The government should move quickly to set up regulations that govern how ministries supervise different bodies that were formed as a result of merging different public institutions if they are to achieve their goals.
The call was made yesterday by senators after members of the Senate’s Standing Committee on Political Affairs and Good Governance made a presentation about their assessment of the performance of government bodies that were formed as part of mergers of different parastatals.
The bodies assessed by the committee include the Rwanda Development Board (RDB), Rwanda Agriculture Board (RAB), Rwanda Education Board (REB), Rwanda Social Security Board (RSSB), Rwanda Natural Resources Authority (RNRA), Rwanda Biomedical Centre (RBC), National Agriculture Export Board (NAEB), and the University of Rwanda (UR).
On different occasions over the years since 2008 up to 2013, all the above institutions were formed as part of a merger of different institutions as the government sought to streamline their services.
Overall, members of the Senate’s Standing Committee on Political Affairs and Good Governance found out that the bodies have since helped the government pull resources together, enable better planning for activities, and decentralise services.
But they also found that some of the bodies are faced with the lack of sound governance rules as there are no regulations that govern how their parent ministries go about doing it while others face dysfunctional governing boards.
“There are steps that have been taken in the way these institutions are working but their administrative structures need to be more refined,” said Senator Jean Nepomuscène Sindikubwabo, chairperson of the committee.
Members of the committee, who conducted their assessment from late February through early May 2016, found out that some members of the boards of directors for the institutions were too busy to carry out their work or were simply absent.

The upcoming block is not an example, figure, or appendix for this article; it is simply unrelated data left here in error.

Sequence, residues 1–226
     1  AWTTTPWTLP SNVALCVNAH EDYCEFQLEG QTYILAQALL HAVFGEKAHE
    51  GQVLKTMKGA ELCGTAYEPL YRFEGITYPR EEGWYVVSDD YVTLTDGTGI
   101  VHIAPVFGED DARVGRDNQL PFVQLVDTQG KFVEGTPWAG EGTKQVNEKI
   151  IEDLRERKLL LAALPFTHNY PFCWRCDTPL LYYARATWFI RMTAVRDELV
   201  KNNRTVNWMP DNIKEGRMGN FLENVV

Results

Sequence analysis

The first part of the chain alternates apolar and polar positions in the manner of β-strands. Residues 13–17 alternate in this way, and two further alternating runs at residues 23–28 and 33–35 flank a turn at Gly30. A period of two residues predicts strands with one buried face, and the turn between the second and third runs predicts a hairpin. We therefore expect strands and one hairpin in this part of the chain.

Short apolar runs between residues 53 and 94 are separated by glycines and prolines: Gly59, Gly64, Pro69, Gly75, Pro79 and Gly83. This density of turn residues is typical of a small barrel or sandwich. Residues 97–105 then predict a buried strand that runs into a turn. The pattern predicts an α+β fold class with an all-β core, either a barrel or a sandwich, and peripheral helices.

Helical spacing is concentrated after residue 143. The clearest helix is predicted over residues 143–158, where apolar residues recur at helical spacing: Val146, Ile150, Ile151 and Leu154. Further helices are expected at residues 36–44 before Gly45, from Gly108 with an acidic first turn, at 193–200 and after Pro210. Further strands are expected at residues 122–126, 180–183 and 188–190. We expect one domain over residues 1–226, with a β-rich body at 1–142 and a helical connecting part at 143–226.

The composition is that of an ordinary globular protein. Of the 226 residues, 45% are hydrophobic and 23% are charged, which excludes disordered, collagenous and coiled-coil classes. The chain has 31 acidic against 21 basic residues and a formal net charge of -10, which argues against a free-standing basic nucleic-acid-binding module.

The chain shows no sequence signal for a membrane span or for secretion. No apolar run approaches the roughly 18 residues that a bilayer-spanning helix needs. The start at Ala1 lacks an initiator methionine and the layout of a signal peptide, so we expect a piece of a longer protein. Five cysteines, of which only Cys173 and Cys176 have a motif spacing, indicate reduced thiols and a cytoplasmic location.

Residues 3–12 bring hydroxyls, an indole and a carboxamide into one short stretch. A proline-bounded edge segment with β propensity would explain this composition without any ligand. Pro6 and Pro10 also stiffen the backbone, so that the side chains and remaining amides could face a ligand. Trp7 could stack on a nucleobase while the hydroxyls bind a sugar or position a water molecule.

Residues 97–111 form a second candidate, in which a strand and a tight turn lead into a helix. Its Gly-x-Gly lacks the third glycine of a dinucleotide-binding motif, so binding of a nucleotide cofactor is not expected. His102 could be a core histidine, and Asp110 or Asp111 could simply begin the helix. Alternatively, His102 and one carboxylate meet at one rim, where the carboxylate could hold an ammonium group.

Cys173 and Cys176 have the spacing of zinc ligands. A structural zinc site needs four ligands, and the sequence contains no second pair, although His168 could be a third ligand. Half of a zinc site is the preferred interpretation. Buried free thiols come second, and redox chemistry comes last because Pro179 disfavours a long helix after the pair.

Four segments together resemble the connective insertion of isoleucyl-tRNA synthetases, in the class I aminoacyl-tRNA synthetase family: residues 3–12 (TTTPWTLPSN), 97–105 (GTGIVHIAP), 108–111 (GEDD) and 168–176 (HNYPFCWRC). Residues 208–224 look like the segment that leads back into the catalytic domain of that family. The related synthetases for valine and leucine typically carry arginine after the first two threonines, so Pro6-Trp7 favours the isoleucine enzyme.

That situation has resulted in the executive officials of the bodies making some decisions that resulted in mistakes such as wasteful spending of public funds or simply ignored some obligations such as good management of the property inherited by the newly formed bodies.
On top of asking the government to ensure that members of the boards for the merged institutions are working effectively, they also recommended that the government should fast-track ministerial orders that govern how parent ministries for the bodies go about doing their work.
“It looks like merging the institutions to form new bodies was done before there were policies to govern them,” noted Senator Charles Uyisenga.
Senator Marie-Claire Mukasine agreed with Uyisenga, explaining that certain executive officials have been working under pressure to achieve results even if the rules and orders from members of their boards of directors or supervising ministers weren’t always forthcoming.
“Everyone wants things to work well but there doesn’t seem to be a clear structure on how to operate,” she said about the situation in certain institutions.
For example, the senators found out that there are no regulations to show how the Ministry of Education (MINEDUC) goes about supervising REB, yet the ministry is the latter’s parent ministry.
They also recommended that the government consider setting up an independent body to serve the purpose of inspecting the quality of education and regularly provide a report to the public after assessing all the institutions in the education sector.
Other changes proposed by the legislators include turning the Medical Procurement and Production Division (MPPD) of the Rwanda Biomedical Centre into an independent government corporation in charge of procuring, selling, and producing drugs in Rwanda.
The Senate’s recommendations will be handed to the government as a contribution towards the improvement.